Synopsys Releases New Artificial Intelligence Tool For Computer Chip Design
JAKARTA - Tech company Synopsys Inc has launched a new artificial intelligence (AI) tool designed to accelerate the computer chip design process at various stages. Synopsys makes the software the company uses to design computer chips.
Modern chips have tens of billions of small on-off switches called transistors, and the precise arrangement on chips has a huge impact on the cost and performance of the chips. Therefore, designers use software from companies like Synopsys to help them.
Previously, Synopsys had released an AI tool for one stage of the chip design process three years ago, with customers such as Samsung Electronics Co Ltd and ST Microelectronics using the system.
Synopsys tools released on Wednesday 29 March at an annual user conference in Santa Clara, California, are much more widespread on chip design processes. The tools aim to help engineers search for bugs on their designs, test physical examples of chips from partners-manufacturing, and when mass production has started, increasing the proportion of defect-free chips out of production lines.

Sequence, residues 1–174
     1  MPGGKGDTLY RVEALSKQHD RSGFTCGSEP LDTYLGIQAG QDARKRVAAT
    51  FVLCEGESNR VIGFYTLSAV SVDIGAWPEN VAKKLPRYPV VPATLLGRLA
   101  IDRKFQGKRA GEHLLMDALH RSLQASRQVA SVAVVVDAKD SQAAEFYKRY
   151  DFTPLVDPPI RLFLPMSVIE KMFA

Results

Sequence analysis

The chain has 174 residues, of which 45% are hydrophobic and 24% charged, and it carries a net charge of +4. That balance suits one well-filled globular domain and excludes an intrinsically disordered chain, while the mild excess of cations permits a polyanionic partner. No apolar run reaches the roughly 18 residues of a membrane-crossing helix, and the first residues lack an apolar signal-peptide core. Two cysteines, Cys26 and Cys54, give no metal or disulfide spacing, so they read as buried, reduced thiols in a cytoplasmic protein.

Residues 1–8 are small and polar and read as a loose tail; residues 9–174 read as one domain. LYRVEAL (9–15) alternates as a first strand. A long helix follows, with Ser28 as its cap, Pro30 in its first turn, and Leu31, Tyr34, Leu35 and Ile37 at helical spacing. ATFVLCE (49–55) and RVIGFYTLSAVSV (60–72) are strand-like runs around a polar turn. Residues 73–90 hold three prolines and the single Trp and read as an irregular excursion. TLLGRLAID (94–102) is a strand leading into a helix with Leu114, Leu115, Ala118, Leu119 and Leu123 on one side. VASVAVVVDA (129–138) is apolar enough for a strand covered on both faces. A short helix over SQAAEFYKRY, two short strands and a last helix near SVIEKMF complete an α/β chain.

In addition, Synopsys also released a tool to facilitate the transfer of analog chip designs from one partner to another. The transfer is usually expensive and time-consuming.
Sassine Ghazi, president and chief operating officer Synopsys, said that the shortage of US supply of chips and export control over the business has led executives to seek alternatives.
"Every CEO is looking for an alternative. Nobody wants to be trapped if someone says you can't use China or Taiwan," Ghazi said.
Synopsys competes with the Cadence Design Systems, its biggest competitor, to add AI to chip design software. Although some of the Synopsys tools released last Wednesday are in line with Cadence, Karl Freund, principal analyst with Cambrian AI research, said that Synopsys is superior, with more than 100 chips by customers using its AI tools marketed.
"They will definitely excel compared to Cadence, especially if you look at what happened to the physical design," Freund said. "I think they will probably reach 1,000 (completioned chip designs) by the end of this year."